Alexandra Ocasio Cortez has been receiving well deserved criticism for debasing the memory of the Holocaust and lying about how ICE is treating illegal immigrant children near Mexico with her dim-witted statement accusing the Trump administration of operating concentration camps. While I agree and participated in the critique of her comments, House Majority Whip James Clyburn deserves as much or even more criticism for his insensitive Holocaust remarks as they have been more frequent than those of AOC.

In August 2013 Clyburn likened conservative bloggers to Hitler:

You have people’s words and phrases being misrepresented and looped through the news media and thrown out there on the Internet, and people run with it because these things start getting reported in the mainstream media, and before you know it, people believe that stuff,  The people of Germany believed Hitler’s foolishness that led to the Holocaust. They believed that stuff. People will tend to believe what they hear through the media.

After the Charlottesville incident in 2017, Clyburn said Trump was like Hitler. He did it again, in January 2018 Clyburn was on the Don Lemon show comparing America today to the election of Hitler:

“Having studied history and having taught history, I can only equate one period of time with what we are experiencing now and that was what was going on in Germany around 1934 right after the 1932 elections when Adolf Hitler was elected chancellor,” Clyburn said.

When Lemon pointed out that Clyburn’s comments were a bit hyperbolic, Clyburn walked his comment back a half step.

“The number one difference in this, if I were making that comparison, then this president would be Mussolini and Putin would be Hitler.”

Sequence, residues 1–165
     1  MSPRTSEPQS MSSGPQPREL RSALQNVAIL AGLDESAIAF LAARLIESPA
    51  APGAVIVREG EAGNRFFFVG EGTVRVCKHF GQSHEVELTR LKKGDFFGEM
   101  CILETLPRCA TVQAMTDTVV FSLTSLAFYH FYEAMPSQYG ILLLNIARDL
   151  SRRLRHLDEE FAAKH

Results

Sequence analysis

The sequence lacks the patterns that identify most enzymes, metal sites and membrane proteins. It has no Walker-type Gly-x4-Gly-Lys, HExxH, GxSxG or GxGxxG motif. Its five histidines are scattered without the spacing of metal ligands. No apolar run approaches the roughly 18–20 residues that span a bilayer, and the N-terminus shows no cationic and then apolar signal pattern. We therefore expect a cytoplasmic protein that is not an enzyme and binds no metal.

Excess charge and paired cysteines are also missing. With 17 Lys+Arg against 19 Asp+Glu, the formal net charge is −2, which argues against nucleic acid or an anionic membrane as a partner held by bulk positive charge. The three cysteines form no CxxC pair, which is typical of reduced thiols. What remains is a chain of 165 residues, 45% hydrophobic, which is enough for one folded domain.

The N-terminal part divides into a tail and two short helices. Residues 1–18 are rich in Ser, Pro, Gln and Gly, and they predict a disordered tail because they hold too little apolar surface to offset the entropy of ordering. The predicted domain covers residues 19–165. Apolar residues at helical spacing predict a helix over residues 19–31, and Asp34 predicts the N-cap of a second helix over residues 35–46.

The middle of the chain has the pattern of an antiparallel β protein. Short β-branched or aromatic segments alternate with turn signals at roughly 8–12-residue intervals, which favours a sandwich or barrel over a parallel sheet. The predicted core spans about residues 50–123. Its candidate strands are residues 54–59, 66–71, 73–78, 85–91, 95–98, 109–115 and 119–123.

What a distortion of history Trump is neither a bigot or a fascist. If Clyburn is was really a history teacher, he would know that as a system where the government controls everything, including the means of production, in other words, fascism is a socialist system.  And while Putin is most assuredly a despot, he is not a Hitler nor is his iron-fisted rule in the same universe as the Holocaust. Clyburn’s words diminish the memory of the Holocaust, or as it is called in Hebrew, השואה, the Shoah.

On March 7th of this year when Rep. Omar anti-Semitism first became an issue, Clyburn worked to protect Omar, he talked about her experience in Sudan and in Kenyan refugee camps and in the process slammed the children of Shoah victims who dared to preserve the memory of parents’ suffering.

Clyburn came to Omar’s defense Wednesday, lamenting that many of the media reports surrounding the recent controversy have omitted to mention that Omar, who was born in Somalia, had to flee the country to escape violence and spent four years in a Kenyan refugee camp before coming to the United States.

Her experience, Clyburn argued, is much more empirical — and powerful — than that of people who are generations removed from the Holocaust, Japanese internment camps during World War II and the other violent episodes that have marked history. “I’m serious about that. There are people who tell me, ‘Well, my parents are Holocaust survivors.’ ‘My parents did this.’ It’s more personal with her,” Clyburn said. “I’ve talked to her, and I can tell you she is living through a lot of pain.”

That comment was so hurtful the ADL broke its unspoken rule and actually bashed a liberal.

Later in March (the 20th), Clyburn made the Trump/Hitler analogy again:

“Adolf Hitler was elected chancellor of Germany. And he went about the business of discrediting institutions to the point that people bought into it,” Clyburn said. “Nobody would have believed it now. But swastikas hung in churches throughout Germany. We had better be very careful.

“To allow anybody to discredit the press, discredit the military, to discredit our leadership in — both in the Congress and outside — we are asking for dire consequences and I think it’s time for the Congress, House and Senate, to grow spines and do what is necessary to protect this democracy,” he said. “This man and his family are the greatest threats to democracy of my lifetime.”

Clyburn has no idea of what he’s talking about. This is how Hitler discredited people:


What is it with Clyburn? Why does he insist on cheapening the memory of the suffering of 6 million Jews who suffered through the Holocaust, along with those who survived the Holocaust horrors and the Jews who mourn their pain today and every day?

Perhaps it’s because of Clyburn’s friendship with Louis Farrakhan, in 2011 he wrote in the magazine of The Nation of Islam, called The Final Call, “I want to thank Min. Farrakhan for offering up several precepts that we ought to adhere to.”

Based on his constant debasing of the Holocaust, we know which of Farrakhan’s precepts to which Clyburn is referring.